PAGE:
The 72-inch mirror blank for the 48-inch Schmidt was cast by Corning Glass Works in October and shipped to Pasadena in November 1938.

dome construction

1938 – 1939:

Dome Construction

The dome for the 48-inch Schmidt was built between 1938 ad 1939.

telescope construction

1939 – 1947:

Telescope Construction

The mount and tele­scope tube were fabri­cated at the Caltech instrument shop. Due to war-related delays, the parts were not completed until 1947.

optics figuring and testing

1939 – Sep 1948:

Optics Figuring and Testing

The mirror and the re­fractive corrector plate were figured under the direction of Don Hendrix of the Mount Wilson optical shop at Carnegie. The optics were tested in the telescope in September 1948.

first image

Sep 29, 1948:

First Image

An image of M31, the Andromeda Galaxy, was the first official photograph taken with the 48-inch Schmidt on September 29, 1948.

National Geographic Society–Palomar Observatory Sky Survey (POSS I)

Nov 1949 – Dec 1958:

National Geographic Society–Palomar Observatory Sky Survey (POSS I)

The National Geogra­phic Society–Palomar Observatory Sky Survey (POSS I) was the first compre­hensive photographic survey of the entire northern sky. It became the standard library reference for every major observa­tory worldwide. Most of the survey was com­pleted by June 1956 but was not finished until December 1958.

Palomar Supernova Search

1959 – Dec 1975:

Palomar Supernova Search

Milton Humason revived the search for supernovae with the 48-inch telescope. He was later joined by Fritz Zwicky, Charles Kowal and others who used both Schmidts for this program until 1975. The search with the 48-inch yielded the dis­covery of 178 super­novae, plus several dozen found in POSS I plates and plates taken for other purposes.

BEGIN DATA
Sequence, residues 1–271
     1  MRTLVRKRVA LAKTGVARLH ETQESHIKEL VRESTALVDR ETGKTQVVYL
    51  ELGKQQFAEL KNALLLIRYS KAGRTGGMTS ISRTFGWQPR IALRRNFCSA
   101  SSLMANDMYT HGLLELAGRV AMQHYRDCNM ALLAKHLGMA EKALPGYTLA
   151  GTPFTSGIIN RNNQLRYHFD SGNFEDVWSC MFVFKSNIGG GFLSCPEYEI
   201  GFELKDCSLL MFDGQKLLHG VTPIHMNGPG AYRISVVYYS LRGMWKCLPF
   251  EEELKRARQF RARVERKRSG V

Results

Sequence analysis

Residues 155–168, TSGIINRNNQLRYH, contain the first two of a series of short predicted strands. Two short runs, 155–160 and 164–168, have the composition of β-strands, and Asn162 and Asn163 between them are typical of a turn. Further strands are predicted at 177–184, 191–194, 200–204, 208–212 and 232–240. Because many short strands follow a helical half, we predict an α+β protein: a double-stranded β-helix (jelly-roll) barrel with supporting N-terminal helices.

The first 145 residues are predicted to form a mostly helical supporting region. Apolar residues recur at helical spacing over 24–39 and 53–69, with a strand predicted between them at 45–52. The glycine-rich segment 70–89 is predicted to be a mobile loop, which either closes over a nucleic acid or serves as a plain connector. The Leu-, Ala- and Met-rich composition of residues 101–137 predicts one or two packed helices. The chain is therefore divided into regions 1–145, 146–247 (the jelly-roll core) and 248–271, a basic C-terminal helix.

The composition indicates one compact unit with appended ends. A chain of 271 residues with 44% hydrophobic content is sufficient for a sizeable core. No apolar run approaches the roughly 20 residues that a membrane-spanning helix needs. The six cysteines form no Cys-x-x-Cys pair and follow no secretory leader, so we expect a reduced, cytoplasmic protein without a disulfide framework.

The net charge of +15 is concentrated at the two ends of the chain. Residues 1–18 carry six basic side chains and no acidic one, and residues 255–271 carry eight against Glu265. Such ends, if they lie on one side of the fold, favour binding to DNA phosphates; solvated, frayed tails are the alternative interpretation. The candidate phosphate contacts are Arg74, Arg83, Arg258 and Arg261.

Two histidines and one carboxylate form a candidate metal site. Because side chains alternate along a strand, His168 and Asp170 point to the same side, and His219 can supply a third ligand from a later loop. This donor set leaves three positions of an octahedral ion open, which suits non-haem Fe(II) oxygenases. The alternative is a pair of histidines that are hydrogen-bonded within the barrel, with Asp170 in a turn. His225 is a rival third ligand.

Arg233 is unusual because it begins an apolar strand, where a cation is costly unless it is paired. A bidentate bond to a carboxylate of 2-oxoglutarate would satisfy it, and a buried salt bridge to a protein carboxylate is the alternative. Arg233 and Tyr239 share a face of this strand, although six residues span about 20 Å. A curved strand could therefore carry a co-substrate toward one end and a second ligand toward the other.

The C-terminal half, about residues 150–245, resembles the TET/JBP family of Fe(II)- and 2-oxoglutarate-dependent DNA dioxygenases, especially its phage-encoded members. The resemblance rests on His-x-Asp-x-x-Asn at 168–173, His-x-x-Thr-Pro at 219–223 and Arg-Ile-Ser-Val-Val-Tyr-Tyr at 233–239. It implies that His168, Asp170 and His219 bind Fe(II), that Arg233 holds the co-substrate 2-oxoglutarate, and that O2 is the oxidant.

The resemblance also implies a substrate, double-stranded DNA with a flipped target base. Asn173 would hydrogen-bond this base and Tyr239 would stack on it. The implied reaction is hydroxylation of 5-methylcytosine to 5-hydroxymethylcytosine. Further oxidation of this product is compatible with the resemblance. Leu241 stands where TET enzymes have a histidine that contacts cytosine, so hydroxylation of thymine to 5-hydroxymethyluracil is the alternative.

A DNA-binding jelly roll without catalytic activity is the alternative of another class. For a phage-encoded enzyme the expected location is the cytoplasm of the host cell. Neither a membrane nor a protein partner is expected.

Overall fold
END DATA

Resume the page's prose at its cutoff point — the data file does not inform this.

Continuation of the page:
Palomar–Leiden Survey

Sep – Oct 1960:

Palomar–Leiden Survey

The Palomar–Leiden Survey of faint minor planets, led by Cornelis van Houten and collaborators, yielded over 2,000 newly-discovered asteroids (1,800 with orbital information) in eleven nights. This number was increased to 2,400 including 19 Trojans after further analysis of the plates.

Palomar Proper Motion Survey

Sep 1962 – 1971:

Palomar Proper Motion Survey

Willem Luyten con­ducted a photographic survey to determine the proper motions of stars. He measured tens of thousands of proper motions, discovered many of the stars closest to the Solar System, and provided important context for studies of galactic structure.

Palomar–Leiden Trojan Survey I

II

III

1971, 1973, 1977:

Palomar–Leiden Trojan Surveys

The three Palomar–Leiden Trojan surveys, led by Cornelis van Houten and Ingrid van Houten-Groeneveld during the fall months of 1971, 1973, and 1977, yielded thousands of newly-discovered asteroids including dozens of Trojans.

Quick V survey

1982 – 1984:

Quick V survey

The Quick V survey was used to form the northern half of Hubble Space Telescope's Guide Star Catalog. Included within it are the positions and bright­nesses for about 19 million stars and other objects.

new corrector and upgrades

1985 – 1987:

Upgrades